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Alpha Theory Blog - News and Insights

« March 2016 | Main | May 2016 »

2 posts from April 2016

April 25, 2016

The Misperception of False Precision for Price Targets and Probabilities

“Objectivity is gained by making assumptions explicit so that they may be examined and challenged, not by vain efforts to eliminate them from analysis.” – Richards Heuer, Psychology of Intelligence Analysis.

Some investors chafe at price targets because they smack of “false precision.”  These investors are missing the point because the key to price targets is not their absolute validity, but their explicit nature which allows for objective conversation about the assumptions that went into them.  Said another way, price targets improve the investment process because they foster great questions and force the team to be able to defend the methodology behind their calculations.

If “false precision” is the concern, then probabilities are doubly damned. They not only require precise estimation, but are considerably more subjective than price targets. The problem with this argument is that probability is an assumption in the process even if you don’t make it explicit. No investor believes they’re 100% right, so there is always a chance of success and failure. In an implicit process, probabilities are expressed with words like “pretty confident” or “high likelihood”, but they are still an estimate of probability. One that is easily misunderstood and difficult to judge. For the same reason that you should require explicit price targets, you should require explicit probabilities.

Not only do explicit price targets and probabilities help investors make better decisions in the short term, they also allow firms to use historical analytics to measure where they are making mistakes and find ways to avoid them.  Great PM’s should be able to leverage information like:  My analysts assume they’ll be right 74% of the time but are actually only right 51% of the time. I will adjust ask them to adjust their assumptions accordingly. 

To make the differences more concrete, I’ve created an example conversation. Problems are better framed when price targets and probabilities are explicitly defined. Compare these conversations and choose the one that you’d prefer as a portfolio manager (I’ve bolded the differences in the two pitches):

Implicit: I think we should add Baidu to the portfolio because overall earnings are being depressed because their non-search business lines are losing money. The current search business is solid, as Baidu holds a natural monopoly in China like Google does in the U.S.A. and their prospects are even better because their users are rapidly moving from 3G to 4G mobile, which will dramatically increase search demand. Their two money-losing lines are independently worth $10+ billion, but are currently not assigned value. The risk is that they can’t monetize the two non-search businesses and they become big money losers. I think there is a high likelihood this is double based on the sum-of-the-parts over the next year or so and has limited downside based on net cash and conservative earnings and multiple. The Risk-Reward is compelling.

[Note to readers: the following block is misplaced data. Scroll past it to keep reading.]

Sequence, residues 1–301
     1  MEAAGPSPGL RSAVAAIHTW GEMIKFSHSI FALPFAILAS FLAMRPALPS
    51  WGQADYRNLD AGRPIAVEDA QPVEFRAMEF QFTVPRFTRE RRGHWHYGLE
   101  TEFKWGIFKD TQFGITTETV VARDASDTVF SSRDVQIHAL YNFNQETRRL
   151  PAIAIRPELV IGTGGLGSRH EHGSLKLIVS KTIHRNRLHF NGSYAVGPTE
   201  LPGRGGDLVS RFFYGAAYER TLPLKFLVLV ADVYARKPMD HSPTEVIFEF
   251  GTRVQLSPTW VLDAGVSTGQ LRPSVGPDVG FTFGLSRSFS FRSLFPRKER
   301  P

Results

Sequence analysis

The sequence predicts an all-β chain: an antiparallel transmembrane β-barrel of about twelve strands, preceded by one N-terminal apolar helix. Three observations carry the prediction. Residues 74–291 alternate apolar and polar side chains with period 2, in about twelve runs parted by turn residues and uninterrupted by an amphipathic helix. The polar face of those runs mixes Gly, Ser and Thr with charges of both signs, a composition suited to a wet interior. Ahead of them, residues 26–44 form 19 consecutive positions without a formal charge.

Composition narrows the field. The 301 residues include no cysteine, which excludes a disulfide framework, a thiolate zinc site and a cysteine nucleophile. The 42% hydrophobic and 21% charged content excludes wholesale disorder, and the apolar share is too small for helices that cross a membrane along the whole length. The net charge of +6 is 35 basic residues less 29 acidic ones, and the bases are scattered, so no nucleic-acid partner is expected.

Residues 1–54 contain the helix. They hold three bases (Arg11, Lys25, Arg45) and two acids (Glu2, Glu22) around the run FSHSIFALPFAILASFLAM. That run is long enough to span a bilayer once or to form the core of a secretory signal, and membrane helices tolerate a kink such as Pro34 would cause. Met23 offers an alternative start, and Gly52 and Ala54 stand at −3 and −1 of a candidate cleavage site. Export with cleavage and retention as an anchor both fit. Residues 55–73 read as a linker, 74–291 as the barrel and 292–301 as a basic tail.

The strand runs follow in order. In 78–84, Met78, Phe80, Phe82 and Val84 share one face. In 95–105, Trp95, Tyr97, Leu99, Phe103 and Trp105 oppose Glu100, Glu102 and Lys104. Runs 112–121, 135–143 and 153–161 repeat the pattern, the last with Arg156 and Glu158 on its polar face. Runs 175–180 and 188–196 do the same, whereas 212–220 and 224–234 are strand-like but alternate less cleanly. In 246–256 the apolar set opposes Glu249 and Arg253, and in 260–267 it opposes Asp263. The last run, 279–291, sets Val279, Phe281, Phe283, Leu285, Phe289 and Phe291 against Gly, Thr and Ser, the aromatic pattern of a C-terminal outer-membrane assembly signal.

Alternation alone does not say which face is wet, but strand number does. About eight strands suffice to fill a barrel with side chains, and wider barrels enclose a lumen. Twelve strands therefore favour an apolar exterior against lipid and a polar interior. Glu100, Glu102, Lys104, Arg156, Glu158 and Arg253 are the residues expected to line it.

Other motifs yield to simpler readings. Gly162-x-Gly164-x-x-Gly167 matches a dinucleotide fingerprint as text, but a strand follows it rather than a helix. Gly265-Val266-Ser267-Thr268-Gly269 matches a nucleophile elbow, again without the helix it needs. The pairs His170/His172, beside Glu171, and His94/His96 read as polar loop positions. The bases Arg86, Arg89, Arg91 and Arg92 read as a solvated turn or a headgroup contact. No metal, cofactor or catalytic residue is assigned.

Explicit: I think we should add Baidu to the portfolio because overall earnings are being depressed because their non-search business lines are losing money. The current search business is solid, as Baidu holds a natural monopoly in China like Google does in the U.S.A. and their prospects are even better because their users are rapidly moving from 3G to 4G mobile, which will dramatically increase search demand. Their two money-losing lines are independently worth $10+ billion but are currently not assigned value. The risk is that they can’t monetize the two non-search businesses and they become big money losers. I think there is a 70% chance the stock could hit $350 based on sum-of-the-parts over the next year and has downside to $150 based on net cash and conservative earnings and multiple. The Probability-Weighted Return is 50%.

Your discretion as a portfolio manager is not lessened by explicit assumptions. In fact, the explicit assumptions are examined and challenged in a way that is not allowed by the vagaries of implicit assumptions. What “high likelihood” means to you may be different than your analyst. Your interpretation of “limited downside” may be different. Explicit assumptions aren’t designed to make you guess at the unknowable. They are designed to make sure the investment case can withstand the stress of being explicitly defined. If they can’t, you are investing at your own peril.

This post is an extension of the 2014 post – Explicit Lyrics – Why Implicit Assumptions Are Dangerous.

April 04, 2016

Active Managers: The Time is Now

Clare Flynn Levy, the CEO of Essentia Analytics and a friend of Alpha Theory, wrote an article that I wish I could claim. It sums up many of the reasons why the “time is now” to optimize process to stay competitive.

Selected Quotes:

At the end of the day, whether the strategy is hedge or long-only, active management involves a portfolio manager who reviews the information presented by analysts, risk systems and external sources, and then makes what is ultimately a qualitative judgement call.

Now, more than ever, is the time to stop and consider how you could be learning from past success and mistakes in a more efficient way, refocusing your team’s energy on doing more of what you’re good at, and less of what you’re not.

For even though investment management is an industry whose true value proposition is the way decisions are made, very few managers are doing anything to make the decision-making process a provable competitive advantage for themselves.

Click here for a link to the article.